All five employees have recently quit their jobs at an organization that gained national attention four years ago for its role in helping change the way homeless people are served in Raleigh.
At least two of the employees have accused the leaders of Love Wins Community Engagement Center of mismanaging money.
The Raleigh Police Department started investigating Love Wins Ministries for suspected fraud on April 20, according to an incident report. Laura Foley, former director of operations for the group, filed the report.
Foley and four other staff members of the Love Wins Community Engagement Center quit their jobs in the last two weeks. Foley and Michael Raburn, former director of communications for the center, say leadership misused money, withheld information about the group’s nonprofit status and did not pay employee taxes despite withholding the money from paychecks.
The center opened last year on North Bloodworth Street near downtown to provide food, clothing and toiletries for about 75 people in need every week. Homeless people can sleep at the center.
Foley and Raburn posted a video to the organization’s Facebook page April 18 detailing their concerns. The video was later removed.
“The Love Wins Community Engagement Center has not been ethical stewards of the monetary donations it has received,” Foley said in the video.
In a statement posted online, the board of directors of Love Wins Community Engagement Center called some of the allegations “false and harmful to all involved.” Hugh Hollowell, executive director of the group, declined to comment. The board’s other three members have not returned requests for comment.
“All money received has been tracked, and distributed, under the guidance of the Boards of Directors of Love Wins Ministries and Love Wins Community Engagement Center,” the board wrote in the statement. “Suggestions otherwise are simply not true.”
Love Wins Ministries, led by Hollowell, became a nonprofit in 2010, a status that allows organizations to become exempt from some taxes. But the Internal Revenue Service revoked the status in 2013 because the group had not filed the necessary paperwork.
Love Wins Community Engagement Center is a separate organization, but the groups are linked financially. They depend on donations, which are tax-deductible.
Foley said employees were instructed to say the Love Wins Community Engagement Center was expecting to get 501(c)(3) nonprofit status at any time “so that people would feel comfortable to go ahead and donate.”
They also said employees’ taxes were taken out of their paychecks, but the money was never paid to the government. They said they received emails from the IRS warning them that taxes had not been paid.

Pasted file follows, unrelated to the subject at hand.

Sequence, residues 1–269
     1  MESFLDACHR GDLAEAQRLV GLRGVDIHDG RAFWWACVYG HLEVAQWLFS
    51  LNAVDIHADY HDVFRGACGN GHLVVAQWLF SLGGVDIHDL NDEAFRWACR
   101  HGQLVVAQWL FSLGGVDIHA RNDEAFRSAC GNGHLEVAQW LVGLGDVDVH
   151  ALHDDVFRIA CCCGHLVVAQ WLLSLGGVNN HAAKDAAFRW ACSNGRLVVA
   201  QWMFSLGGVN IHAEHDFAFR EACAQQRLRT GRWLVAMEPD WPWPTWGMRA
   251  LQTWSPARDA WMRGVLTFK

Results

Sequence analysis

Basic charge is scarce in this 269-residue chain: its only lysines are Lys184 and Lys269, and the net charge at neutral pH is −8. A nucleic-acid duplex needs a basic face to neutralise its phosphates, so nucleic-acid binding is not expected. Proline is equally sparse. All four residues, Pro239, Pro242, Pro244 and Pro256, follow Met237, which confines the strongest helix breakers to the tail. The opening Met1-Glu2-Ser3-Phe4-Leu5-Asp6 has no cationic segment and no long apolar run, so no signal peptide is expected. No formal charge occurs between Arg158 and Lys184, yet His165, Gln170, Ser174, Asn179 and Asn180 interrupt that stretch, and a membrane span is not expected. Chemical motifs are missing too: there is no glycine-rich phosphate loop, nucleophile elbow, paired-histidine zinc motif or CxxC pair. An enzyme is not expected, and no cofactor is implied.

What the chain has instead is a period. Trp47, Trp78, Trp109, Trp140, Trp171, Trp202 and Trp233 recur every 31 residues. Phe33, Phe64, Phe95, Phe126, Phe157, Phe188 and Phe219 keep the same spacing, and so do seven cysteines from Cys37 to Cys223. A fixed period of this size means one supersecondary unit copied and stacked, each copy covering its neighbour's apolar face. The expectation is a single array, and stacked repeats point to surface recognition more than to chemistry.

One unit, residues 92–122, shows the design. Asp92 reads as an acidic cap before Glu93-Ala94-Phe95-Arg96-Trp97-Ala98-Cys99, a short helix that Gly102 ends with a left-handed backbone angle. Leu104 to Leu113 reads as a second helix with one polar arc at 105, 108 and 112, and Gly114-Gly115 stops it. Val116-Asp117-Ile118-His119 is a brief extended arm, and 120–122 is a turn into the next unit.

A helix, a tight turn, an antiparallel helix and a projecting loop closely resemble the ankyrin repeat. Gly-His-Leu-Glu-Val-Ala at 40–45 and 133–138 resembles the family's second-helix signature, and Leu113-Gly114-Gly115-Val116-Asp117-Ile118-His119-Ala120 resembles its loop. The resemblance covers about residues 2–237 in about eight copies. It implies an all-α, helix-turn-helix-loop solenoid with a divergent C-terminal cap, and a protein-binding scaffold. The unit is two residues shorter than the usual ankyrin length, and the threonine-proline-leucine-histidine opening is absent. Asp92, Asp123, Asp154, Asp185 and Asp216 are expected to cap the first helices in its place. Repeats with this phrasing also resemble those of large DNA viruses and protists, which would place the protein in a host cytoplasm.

The board said in the statement that some employees’ tax withholdings had not been paid in the past but that the 2016 taxes had been paid and payments for the first quarter of 2017 would be paid by the end of April.
A former staff member who oversaw payroll and was responsible for handling tax withholdings “was not a good fit for the role,” the board said.
“Going forward, Hugh will personally ensure that these remittances are made on time. Sometimes, when you trust people, they let you down. That’s what happened here,” the board said. “Thankfully, this was a simple fix.”
The board also said Hollowell had “not acted unethically or enriched himself personally through his work at Love Wins.”
Laura Hourigan, a spokeswoman for Raleigh police, said she could not comment on the case because the investigation is ongoing.
Love Wins Ministries gained national attention in 2013 when the organization and other charities said they were threatened with arrest for handing out food to the homeless in Moore Square.
The issue, dubbed “Biscuitgate,” sparked discussions about how and where to feed Raleigh’s homeless. Hollowell was outspoken about the need to care for the city’s less fortunate, fielding calls from national media outlets.
That year, he told The News & Observer that Love Wins Ministries had an annual budget of $140,000.
In a blog posted in December, Hollowell praised the Raleigh City Council for approving the purchase of a building on South Wilmington Street to house the Oak City Outreach Center, which will allow people to take showers, do laundry and eat meals.
“This is a victory for those who are experiencing homelessness, making it easier for them to have access to food and services and a place to be,” Hollowell wrote.
Madison Iszler: 919-836-4952; firstname.lastname@example.org